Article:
Top ten greatest Premier League free transfers ever: Liverpool dominate and Zlatan scrapes in

Matt Stead

James Milner seems intent on populating this list entirely by himself, but as Liverpool bid farewell to a club legend we look at the greatest Premier League free agents.


10) Zlatan Ibrahimovic (Manchester United)
In a way, Zlatan Ibrahimovic was emblematic of every wrong turn Manchester United had taken while stumbling through their post-Sir Alex Ferguson apocalypse. A 34-year-old signing for eye-watering wages as a marketable brand and an obstacle to younger players, Jose Mourinho’s explicit attempt to transplant a different mentality into the dressing room at Old Trafford was not particularly successful. It was short-termist thinking at its most damaging.

Yet Ibrahimovic confounded each and every expectation, at least on an individual level. His claims to have “conquered” the English top flight soon grew tiresome but there was some merit to them. His 17 Premier League goals were at least 11 more than any teammate could conjure. There was a match-winning turn in the League Cup final, some wonderful performances and a hat-trick en route to Europa League glory, and a nomination for the PFA Player of the Year award. No Man Utd player has scored more goals in a single season than Ibrahimovic managed in a breath-taking debut campaign since Robin van Persie in 2012/13.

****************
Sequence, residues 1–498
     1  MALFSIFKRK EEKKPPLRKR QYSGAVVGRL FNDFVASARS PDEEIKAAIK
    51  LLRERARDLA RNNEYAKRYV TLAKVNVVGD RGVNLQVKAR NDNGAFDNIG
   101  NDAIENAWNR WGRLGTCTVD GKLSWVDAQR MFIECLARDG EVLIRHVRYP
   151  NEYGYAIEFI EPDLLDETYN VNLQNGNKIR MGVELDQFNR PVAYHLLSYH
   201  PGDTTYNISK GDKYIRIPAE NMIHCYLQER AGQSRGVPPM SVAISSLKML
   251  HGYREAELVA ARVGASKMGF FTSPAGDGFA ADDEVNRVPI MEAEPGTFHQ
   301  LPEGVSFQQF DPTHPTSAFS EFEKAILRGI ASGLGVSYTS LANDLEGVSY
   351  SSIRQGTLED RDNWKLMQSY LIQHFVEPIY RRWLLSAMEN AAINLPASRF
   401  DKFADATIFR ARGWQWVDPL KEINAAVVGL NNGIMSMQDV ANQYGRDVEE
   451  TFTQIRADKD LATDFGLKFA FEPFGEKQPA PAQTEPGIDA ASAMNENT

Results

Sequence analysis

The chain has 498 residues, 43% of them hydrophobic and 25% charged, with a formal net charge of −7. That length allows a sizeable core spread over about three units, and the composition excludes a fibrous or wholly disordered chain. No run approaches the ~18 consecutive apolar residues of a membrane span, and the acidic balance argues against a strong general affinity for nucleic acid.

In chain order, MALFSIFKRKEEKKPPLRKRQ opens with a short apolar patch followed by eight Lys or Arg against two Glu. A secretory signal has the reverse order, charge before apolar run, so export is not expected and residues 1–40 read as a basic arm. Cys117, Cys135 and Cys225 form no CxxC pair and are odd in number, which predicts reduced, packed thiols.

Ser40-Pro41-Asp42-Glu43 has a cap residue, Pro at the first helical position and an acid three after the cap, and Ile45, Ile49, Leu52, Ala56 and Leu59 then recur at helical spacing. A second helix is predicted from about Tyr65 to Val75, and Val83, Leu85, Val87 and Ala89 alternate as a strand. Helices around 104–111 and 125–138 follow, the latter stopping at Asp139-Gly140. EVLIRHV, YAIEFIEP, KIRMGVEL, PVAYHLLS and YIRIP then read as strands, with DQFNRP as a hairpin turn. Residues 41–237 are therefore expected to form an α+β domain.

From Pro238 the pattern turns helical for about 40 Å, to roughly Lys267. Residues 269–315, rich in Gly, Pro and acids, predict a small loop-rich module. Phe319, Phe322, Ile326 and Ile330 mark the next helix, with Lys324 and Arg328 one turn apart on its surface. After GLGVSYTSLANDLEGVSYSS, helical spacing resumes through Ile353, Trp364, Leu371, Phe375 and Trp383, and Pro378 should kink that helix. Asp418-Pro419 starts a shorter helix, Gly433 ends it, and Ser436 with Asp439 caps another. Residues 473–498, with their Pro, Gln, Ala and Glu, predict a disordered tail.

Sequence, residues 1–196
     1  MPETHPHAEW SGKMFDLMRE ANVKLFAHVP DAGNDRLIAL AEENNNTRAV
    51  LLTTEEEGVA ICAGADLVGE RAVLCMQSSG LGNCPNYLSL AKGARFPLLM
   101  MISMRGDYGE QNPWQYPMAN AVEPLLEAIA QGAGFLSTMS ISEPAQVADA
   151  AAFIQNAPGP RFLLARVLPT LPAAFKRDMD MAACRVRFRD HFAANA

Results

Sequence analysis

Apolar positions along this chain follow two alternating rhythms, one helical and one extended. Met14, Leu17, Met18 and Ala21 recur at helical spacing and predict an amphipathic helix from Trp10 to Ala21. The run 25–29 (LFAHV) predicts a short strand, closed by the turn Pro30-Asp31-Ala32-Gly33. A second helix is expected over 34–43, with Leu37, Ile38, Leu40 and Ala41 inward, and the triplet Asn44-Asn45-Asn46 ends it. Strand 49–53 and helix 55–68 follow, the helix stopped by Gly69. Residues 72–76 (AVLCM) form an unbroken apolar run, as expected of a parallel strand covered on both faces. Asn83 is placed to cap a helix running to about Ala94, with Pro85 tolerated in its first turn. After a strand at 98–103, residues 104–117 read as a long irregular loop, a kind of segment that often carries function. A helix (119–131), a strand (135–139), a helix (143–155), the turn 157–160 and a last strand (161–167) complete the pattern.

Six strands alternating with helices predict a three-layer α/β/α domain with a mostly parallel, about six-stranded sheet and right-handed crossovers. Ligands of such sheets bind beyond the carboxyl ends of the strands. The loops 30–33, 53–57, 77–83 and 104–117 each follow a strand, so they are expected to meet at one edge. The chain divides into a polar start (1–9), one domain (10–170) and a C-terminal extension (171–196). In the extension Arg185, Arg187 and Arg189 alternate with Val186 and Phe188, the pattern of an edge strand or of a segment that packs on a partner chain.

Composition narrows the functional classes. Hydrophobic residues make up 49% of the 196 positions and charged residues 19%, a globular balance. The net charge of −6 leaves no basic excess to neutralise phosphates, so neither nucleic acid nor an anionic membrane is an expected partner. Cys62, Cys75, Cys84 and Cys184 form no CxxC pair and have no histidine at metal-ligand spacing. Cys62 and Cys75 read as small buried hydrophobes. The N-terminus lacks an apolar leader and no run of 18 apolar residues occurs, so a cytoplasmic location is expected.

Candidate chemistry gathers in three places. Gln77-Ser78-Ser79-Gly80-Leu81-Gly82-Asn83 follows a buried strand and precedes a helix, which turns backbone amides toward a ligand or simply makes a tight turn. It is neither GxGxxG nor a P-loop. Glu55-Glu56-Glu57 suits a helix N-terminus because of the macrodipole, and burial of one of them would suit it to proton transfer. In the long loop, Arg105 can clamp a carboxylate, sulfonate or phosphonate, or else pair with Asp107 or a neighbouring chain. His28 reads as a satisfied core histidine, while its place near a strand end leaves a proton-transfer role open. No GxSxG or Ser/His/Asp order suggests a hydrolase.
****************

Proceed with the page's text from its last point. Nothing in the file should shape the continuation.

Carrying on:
9) Ruud Gullit (Chelsea)
For an insight into the perceptions Ruud Gullit had to overcome at Chelsea, consider the answer he provided to one of the questions at his 1995 press unveiling. Asked whether it was true that he would pick and choose when to play, the Dutchman replied: “Somebody took it the wrong way because I joked that if there was a good soul concert in London I would be unavailable.” When it was then put to him that his fitness might be an issue, he simply added: “If you have possession of the ball you don’t have to run around chasing after it.”